Conservatives were mocked for warning that the 2020 presidential election was a choice between freedom on the one hand, and socialism on the other.
Even today, the White House insists that President Joe Biden is not a socialist, repeating the dismissals he made during the presidential election. “I beat the socialist,” he once said, referring to Sen. Bernie Sanders (I-VT).
And yet here we are, with the Senate about to pass a massive $3.5 trillion spending bill, sponsored by Sanders himself.
The bill will radically change the structure of the U.S. and the relationship between citizen and state.
It proposes a “path to citizenship” for some illegal aliens. It will expand Medicare, in danger of going broke by 2024, to include younger people, and new services. It offers “free” pre-K child care and two years of community college. It will make permanent a monthly $300 child tax credit during the pandemic. It will push the U.S. to use 80% of its energy from “clean” sources by 2030.
And that is just the beginning.
Sanders proposes to pay for all of that by raising taxes on the wealthy — those who, Biden tells us, have failed to pay their “fair share.” Yet it will reduce taxes for wealthy property owners in Democrat-run states by easing the $10,000 limit on the state and local taxation (SALT) deduction.
And the burden of many of these changes, such as higher energy prices, will fall directly on the middle-class households that Biden and Sanders claim they are helping.
These are not incremental reforms. If passed, the $3.5 trillion spending bill will move the U.S. toward socialism — for good, since government benefits, once begun, are nearly impossible to end.
And potentially millions of illegal aliens who become citizens as a result of the bill will vote Democratic for decades, ensuring that the party retains a lock on power. It will weaken beyond repair the idea of individual achievement that has fueled American prosperity for generations.
Former conservative Max Boot wrote in May: “Biden isn’t pursuing socialism. He’s just trying to catch up with other wealthy democracies.”
But we don’t want to be like other wealthy democracies. Their wealth and their social welfare systems are partly illusory, shored up by U.S. defense spending, and accelerated by innovation that is based largely within the U.S., thanks to an economic system that, until recently, has rewarded risk-taking and hard work better than any other.
For all the praise lavished on socialized medicine, it was the private sector in the U.S., encouraged by President Donald Trump, that developed coronavirus vaccines rapidly. Canada’s health care system, to which the left compares the U.S. unfavorably, sputtered; Cuba’s system, beloved by apologists for communism, failed miserably.
The world’s best come here because we are not like “other wealthy democracies.” Nor should we be. With China ascendant, we are freedom’s last hope.
A 50-50 Senate should be producing bipartisan compromises, not radicalism — especially since Democrats actually lost seats in the House in 2020. They have no mandate for “revolutionary institutional changes,” a Sanders phrase that Biden began to borrow last year.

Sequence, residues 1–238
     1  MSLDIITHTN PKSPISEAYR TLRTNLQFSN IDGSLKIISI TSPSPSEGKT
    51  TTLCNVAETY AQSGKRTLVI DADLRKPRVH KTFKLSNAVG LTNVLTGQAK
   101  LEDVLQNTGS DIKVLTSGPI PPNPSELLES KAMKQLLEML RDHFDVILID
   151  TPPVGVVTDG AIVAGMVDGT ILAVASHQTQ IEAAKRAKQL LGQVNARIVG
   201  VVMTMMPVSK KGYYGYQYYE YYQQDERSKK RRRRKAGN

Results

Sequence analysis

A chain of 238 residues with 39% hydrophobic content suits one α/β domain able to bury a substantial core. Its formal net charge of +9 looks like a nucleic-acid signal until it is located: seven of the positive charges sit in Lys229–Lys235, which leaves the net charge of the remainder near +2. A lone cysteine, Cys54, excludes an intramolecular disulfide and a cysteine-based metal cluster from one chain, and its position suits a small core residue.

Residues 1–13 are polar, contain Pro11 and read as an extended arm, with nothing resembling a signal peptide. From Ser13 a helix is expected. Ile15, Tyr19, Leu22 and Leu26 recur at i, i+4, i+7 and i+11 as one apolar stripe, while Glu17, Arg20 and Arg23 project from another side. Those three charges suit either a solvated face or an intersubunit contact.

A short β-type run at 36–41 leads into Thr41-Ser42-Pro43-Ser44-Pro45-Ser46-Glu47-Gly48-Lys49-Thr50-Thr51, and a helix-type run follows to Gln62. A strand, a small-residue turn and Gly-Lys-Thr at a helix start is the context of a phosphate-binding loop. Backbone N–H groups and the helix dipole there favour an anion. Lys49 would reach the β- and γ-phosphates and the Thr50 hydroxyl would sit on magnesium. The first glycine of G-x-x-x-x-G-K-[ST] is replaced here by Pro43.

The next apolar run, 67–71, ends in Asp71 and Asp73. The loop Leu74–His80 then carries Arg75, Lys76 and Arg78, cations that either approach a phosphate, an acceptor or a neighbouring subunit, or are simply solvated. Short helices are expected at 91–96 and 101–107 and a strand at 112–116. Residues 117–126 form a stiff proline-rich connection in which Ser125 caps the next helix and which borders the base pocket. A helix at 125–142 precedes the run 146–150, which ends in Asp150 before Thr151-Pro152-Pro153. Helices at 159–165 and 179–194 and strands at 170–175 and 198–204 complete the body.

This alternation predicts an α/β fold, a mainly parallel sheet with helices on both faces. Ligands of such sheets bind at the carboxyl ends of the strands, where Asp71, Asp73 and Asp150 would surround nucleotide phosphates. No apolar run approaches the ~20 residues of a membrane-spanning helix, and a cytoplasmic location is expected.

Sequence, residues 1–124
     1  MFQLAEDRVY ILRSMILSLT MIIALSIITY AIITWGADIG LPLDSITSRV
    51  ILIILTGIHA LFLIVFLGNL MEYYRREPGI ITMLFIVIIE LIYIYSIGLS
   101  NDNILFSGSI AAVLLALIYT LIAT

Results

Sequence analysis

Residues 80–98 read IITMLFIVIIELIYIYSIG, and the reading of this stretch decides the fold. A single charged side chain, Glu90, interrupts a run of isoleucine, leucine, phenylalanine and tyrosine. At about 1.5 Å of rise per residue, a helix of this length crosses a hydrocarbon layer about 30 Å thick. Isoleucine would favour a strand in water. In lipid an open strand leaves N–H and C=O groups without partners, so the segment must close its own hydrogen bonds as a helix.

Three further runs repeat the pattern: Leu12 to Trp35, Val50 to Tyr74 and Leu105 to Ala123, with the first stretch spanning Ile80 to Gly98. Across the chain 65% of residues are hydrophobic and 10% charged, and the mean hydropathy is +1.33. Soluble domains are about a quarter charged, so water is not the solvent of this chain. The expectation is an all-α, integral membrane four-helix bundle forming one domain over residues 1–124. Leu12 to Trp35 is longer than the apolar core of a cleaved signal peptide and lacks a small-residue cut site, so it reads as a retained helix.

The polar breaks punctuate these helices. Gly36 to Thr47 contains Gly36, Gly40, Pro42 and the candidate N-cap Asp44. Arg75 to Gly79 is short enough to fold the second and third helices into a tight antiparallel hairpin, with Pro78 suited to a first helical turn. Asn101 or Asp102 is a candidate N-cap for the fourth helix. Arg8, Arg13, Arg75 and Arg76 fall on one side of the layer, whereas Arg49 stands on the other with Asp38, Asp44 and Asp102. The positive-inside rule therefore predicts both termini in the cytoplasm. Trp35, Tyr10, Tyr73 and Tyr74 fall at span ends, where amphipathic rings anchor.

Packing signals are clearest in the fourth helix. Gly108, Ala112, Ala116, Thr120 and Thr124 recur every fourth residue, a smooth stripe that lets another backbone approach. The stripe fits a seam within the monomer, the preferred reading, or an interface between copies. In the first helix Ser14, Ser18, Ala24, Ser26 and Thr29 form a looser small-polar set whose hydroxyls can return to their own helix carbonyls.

But Democrats are proposing to pass the bill by abusing the technical process of “reconciliation” — one of the worst names for anything in politics, since passing the Sanders bill will divide Americans, perhaps irreparably.
Why are they doing it? Because they can.
There is almost no pushback from the establishment media, which is dominated by the “progressive” left. Senate Republicans proved themselves to be an ineffectual opposition with the passage of a $1.2 trillion “infrastructure” bill earlier this week.
And while Democrats fear losing the House majority in 2022, they are being spurred by the radical “Squad” — elected to urban seats they cannot lose — to do what they can while they still have power.
Democrats are also carrying out a plan that has been in the works for decades.
In 2009, I exposed how a senior Democratic strategist, Robert Creamer, proposed a “democratization” of capital that would begin with universal health care. Once the public became used to radical changes, he reasoned, opposition would be broken. Donald Trump’s victory in 2016 nearly derailed that plan, but the “Resistance” — fueled by anti-Trump hysteria — and the pandemic rescued Creamer’s blueprint.
Other changes are in the works. There is legislation in both houses to expand the judiciary. Biden wants to reform voting to let Democrats control future elections. Public schools are indoctrinating kids with Critical Race Theory. And the southern border has effectively ceased to exist, as Democrats import future voters, coronavirus be damned.
This is what we warned you about. There is little left to stop it, other than the fact that these policies are doomed to fail.
By then, it may be too late.
Joel B. Pollak is Senior Editor-at-Large at Breitbart News and the host of Breitbart News Sunday on Sirius XM Patriot on Sunday evenings from 7 p.m. to 10 p.m. ET (4 p.m. to 7 p.m. PT). He is the author of the new e-book, We Told You So!: The First 100 Days of Joe Biden’s Radical Presidency. His recent book, RED NOVEMBER, tells the story of the 2020 Democratic presidential primary from a conservative perspective. He is a winner of the 2018 Robert Novak Journalism Alumni Fellowship. Follow him on Twitter at @joelpollak.